How Do I Recognize Stories with Irony?

T. Carrier

Stories with irony operate via contrasts and contradiction of the literal. Verbal incongruity in the form of sarcastic dialogue is one such example. Situational dramatic irony, on the other hand, often occurs when story events diverge from expectation or when concurrent scenes invoke drastically different reader responses. Another common tool used in stories with irony is intentional exaggeration, particularly in thematic satirical pieces. Sometimes, irony may not be intentional, but rather time or the reader's unique experiences will lend irony to a literary work.

Irish writer Jonathan Swift used satire to instill irony in his work.
Irish writer Jonathan Swift used satire to instill irony in his work.

Fiction authors often have their characters practice verbal irony through the use of sarcasm. This technique details behaviors or situations that are illogical or irritating to the character. One common technique might include the character making a statement that diverges from the reality of a situation. For example, in response to one character’s observation about the beautiful day, another character might comment on how sunny the weather is even though it is raining outside. Intentionally exaggerating a statement might also serve as a form of sarcasm, such as when a frustrated mother gushes about all of the house-cleaning assistance she has received from her lazy teenage children.

Fiction authors often have their characters practice verbal irony through the use of sarcasm.
Fiction authors often have their characters practice verbal irony through the use of sarcasm.

Dramatic irony can be recognized from story contrasts. The wife of a soldier may he happily preparing for her husband’s return while the husband is seriously injured or killed in his final battle. Another common technique used for dramatic stories with irony is overlapping the death of an important character with the simultaneous birth of a child. Classic plays, particularly tragedies, often thrive on dramatic irony. In Sophocles's play Oedipus Rex, for example, the main character goes to extraordinary lengths to avoid fulfillment of a prophecy, and ends up realizing the prophecy because of his actions.

Authors can intentionally instill entire stories with irony to relay an intended theme, and satire is one common tool for this approach. In these story types, the author typically has an issue with a person, behavior, or cultural practice that he or she views as overtly unjust or worthy of ridicule. The author attempts to highlight and expose this object of dislike by mocking it in an indirect and humorous manner. Exaggeration, characters and events based on real life, and fusion of the humorous and the serious are thus signs of satirical stories with irony.

For example, 18th century writer Jonathan Swift attacked Irish government policies and Irish attitudes relating to the poor. He launched this attack in a story-essay, "A Modest Proposal," suggesting that poor families could sell their children as food to rich families. The proposition details financial gains for this process and offers a darkly humorous approach for culinary preparation of the children. Such satires provide another form of ironic contrast, as they present the absurd in a serious manner. Satirists often hope that by exaggerating such absurdities in story, the reader will see similar absurdities in the real world.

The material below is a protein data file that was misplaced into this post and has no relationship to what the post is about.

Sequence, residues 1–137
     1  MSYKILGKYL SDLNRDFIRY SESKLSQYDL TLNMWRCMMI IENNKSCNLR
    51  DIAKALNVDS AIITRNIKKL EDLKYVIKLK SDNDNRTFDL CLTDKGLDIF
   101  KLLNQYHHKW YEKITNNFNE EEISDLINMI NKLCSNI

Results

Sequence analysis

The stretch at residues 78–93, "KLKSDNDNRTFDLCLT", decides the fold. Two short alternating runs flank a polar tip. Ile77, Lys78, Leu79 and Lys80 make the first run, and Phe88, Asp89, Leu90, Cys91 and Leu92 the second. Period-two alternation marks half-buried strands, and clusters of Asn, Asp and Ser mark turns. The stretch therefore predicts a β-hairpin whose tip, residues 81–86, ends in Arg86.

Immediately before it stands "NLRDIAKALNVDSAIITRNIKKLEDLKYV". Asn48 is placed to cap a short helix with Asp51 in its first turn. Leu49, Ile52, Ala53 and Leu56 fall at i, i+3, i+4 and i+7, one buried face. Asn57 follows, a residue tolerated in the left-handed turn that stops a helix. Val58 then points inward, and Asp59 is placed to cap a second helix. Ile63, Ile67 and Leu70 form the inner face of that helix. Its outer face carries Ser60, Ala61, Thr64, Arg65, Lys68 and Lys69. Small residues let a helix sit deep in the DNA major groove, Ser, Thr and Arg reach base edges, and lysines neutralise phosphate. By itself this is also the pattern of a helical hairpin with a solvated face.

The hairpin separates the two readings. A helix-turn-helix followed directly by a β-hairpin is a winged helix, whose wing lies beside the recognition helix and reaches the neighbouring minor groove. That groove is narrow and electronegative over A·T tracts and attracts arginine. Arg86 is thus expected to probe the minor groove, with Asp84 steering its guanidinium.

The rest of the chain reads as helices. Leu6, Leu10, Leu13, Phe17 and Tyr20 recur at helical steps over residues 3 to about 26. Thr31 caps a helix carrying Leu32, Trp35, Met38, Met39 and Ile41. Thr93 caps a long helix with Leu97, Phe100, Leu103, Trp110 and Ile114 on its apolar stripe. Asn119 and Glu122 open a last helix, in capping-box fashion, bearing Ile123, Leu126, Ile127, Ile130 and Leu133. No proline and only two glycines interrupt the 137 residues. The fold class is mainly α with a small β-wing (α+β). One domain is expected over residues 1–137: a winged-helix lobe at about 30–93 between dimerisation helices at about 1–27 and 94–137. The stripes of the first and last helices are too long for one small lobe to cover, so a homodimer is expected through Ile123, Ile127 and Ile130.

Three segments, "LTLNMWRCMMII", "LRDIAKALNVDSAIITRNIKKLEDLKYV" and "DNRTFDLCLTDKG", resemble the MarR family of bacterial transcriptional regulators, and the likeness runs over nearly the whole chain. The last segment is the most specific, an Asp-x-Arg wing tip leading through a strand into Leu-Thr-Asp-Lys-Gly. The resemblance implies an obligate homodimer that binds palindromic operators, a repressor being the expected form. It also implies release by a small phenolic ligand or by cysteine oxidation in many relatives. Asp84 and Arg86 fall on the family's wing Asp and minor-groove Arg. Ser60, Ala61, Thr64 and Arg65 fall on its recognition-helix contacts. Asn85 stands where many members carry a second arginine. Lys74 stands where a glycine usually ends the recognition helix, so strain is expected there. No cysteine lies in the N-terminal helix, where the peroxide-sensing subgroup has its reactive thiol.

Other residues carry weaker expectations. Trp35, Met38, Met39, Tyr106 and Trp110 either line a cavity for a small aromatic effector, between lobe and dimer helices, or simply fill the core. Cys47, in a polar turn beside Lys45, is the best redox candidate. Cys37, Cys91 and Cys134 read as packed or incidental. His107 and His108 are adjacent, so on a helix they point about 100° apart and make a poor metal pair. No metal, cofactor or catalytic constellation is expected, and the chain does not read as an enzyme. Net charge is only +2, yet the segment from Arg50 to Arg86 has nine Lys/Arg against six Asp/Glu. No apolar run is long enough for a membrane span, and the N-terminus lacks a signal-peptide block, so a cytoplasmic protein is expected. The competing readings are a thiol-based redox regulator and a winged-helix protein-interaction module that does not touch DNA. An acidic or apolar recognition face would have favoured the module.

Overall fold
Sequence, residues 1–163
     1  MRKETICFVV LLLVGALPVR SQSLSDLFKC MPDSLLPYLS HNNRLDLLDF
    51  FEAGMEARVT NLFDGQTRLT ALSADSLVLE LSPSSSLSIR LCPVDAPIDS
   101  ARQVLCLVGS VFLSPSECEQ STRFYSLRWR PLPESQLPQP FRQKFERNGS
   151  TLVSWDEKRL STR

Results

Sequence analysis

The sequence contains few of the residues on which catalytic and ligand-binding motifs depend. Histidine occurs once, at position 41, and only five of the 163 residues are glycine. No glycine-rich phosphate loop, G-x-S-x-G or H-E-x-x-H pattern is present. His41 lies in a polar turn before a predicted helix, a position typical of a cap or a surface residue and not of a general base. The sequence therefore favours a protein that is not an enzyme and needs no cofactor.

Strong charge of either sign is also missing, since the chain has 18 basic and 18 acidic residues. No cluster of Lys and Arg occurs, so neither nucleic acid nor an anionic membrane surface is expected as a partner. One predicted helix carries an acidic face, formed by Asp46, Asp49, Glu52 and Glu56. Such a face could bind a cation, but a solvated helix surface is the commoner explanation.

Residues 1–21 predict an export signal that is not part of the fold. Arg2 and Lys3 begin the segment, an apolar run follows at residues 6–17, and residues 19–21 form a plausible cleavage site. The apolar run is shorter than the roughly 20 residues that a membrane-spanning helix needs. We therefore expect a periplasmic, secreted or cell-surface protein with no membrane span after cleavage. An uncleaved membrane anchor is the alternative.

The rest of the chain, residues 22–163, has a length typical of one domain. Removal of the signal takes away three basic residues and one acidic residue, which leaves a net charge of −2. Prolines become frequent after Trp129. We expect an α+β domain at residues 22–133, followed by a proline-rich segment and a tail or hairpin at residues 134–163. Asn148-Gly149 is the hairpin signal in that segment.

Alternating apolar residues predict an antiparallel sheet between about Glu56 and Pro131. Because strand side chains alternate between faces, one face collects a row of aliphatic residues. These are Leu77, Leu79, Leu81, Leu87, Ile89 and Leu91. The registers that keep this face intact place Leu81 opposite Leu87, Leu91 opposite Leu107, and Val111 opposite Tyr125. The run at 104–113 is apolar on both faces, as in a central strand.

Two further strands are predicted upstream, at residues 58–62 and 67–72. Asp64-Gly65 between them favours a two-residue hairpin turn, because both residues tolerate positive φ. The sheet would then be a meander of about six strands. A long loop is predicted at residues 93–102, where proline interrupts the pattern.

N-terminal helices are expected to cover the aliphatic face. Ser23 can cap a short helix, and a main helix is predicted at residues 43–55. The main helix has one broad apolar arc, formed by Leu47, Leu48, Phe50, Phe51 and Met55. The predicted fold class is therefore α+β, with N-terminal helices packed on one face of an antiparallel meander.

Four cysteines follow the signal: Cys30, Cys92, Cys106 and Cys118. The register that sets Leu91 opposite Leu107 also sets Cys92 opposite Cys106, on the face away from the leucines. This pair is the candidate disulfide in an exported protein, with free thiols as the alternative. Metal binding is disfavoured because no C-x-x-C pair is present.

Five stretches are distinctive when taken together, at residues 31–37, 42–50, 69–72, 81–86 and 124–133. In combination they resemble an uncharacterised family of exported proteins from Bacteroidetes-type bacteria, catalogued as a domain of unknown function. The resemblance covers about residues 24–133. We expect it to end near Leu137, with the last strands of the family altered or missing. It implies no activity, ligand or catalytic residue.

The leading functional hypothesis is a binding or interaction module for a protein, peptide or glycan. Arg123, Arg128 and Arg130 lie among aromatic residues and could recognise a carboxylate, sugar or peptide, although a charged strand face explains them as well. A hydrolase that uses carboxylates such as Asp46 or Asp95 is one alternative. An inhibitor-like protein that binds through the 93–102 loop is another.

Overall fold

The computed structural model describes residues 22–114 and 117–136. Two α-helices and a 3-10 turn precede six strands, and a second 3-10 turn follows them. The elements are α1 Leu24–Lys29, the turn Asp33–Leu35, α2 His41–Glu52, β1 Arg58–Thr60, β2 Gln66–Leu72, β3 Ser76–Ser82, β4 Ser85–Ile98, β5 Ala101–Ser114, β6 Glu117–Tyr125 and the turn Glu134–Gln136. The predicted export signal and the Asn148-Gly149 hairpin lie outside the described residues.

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Discussion Comments


I really enjoy political satires where politics and politicians are criticized through irony. Political satires are usually humorous. The characters point out faults in a system or a politician through sarcasm. They say things they don't really mean or a series of funny events take place because of contradictions in politician's actions or speech.

I think that serious subjects like politics become very interesting when shown through irony. Even though the issues are worrisome and often times, there are grievances, comic irony does not make us depressed. We are able to maintain hope because the issues are shown lightly. But irony also makes us think about things we usually ignore or don't want to face.


@fBoyle-- Yes, that's irony. Especially if the story led you to believe that the ending would be different or if you knew more than what the characters knew.

In a way, this could be considered cosmic irony, where events and actions have the opposite effect because of divine intervention or because of destiny or fate. One could say that the characters were not meant to be together and the things they did to be together had the opposite effect.


If a story ends differently than what I expected, is this irony? For example, I watched a film where a boy and girl were in love and were planning to get married. But at the end of the film, it turned out that she got married to someone else. Is this irony?

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